A glass plate negative is a photographic image that uses glass as a base and in which the image polarity is reversed from the original. There are two types of glass plate negatives: collodion wet plate negatives and silver gelatin dry plate negatives. From 1851 through the 1870s, glass plate negatives generally used collodion as the binder to hold light-sensitive salts to the glass base. Frederick Scoff Archer, an English sculptor, invented this wet plate type. After that, silver gelatin was used as the binder. Richard Leach Maddox, a British physician and photographer, first produced these dry plate negatives in 1871. Because they were more sensitive than collodion plates, they were easier to work with and they were widely used until the 1920s. Both types of glass plate negatives are very fragile and require careful handling.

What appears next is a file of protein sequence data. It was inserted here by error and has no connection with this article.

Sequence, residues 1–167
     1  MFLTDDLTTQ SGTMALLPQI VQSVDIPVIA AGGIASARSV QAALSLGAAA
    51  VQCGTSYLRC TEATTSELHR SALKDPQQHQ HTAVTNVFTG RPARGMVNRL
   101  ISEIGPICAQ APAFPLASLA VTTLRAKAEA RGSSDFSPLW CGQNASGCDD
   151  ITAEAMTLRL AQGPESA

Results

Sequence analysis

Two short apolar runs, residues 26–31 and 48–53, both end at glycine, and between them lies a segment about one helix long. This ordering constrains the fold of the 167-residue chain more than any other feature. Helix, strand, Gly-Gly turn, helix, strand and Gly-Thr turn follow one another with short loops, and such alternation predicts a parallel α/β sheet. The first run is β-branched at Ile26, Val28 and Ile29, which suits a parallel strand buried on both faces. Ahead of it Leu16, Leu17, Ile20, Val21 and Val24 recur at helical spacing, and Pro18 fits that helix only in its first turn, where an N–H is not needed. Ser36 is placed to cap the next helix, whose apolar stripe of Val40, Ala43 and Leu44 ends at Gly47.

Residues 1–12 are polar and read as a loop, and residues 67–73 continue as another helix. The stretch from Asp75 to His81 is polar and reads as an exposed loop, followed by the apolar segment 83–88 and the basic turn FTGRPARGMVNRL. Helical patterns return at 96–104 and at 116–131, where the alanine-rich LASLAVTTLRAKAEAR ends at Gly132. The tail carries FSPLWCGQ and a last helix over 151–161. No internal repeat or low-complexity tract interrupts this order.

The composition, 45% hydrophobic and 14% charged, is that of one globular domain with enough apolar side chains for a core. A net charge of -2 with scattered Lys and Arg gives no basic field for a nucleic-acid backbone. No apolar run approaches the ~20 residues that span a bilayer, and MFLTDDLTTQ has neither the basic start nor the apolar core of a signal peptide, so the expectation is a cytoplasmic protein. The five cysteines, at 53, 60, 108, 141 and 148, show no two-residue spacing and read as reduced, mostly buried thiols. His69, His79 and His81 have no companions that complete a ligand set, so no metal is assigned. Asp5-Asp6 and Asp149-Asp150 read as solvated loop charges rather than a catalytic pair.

William B. Coxe came to Greenville after WWI and as a photographer, began compiling a photographic history of Greenville. Coxe purchased negatives and prints of earlier Greenville history from individuals and other photographers, such as William Preston Dowling (1872-1936) and James Huntington (1881-1958). Coxe photographed downtown Greenville buildings, churches, private homes, textile mills, weddings, sports events, employee groups, church groups, and mill organizations.
Coxe died on October 26, 1973 in Greenville, S.C. .
Source: Remembering Greenville : photographs from the Coxe collection, by Jeffrey R. Willis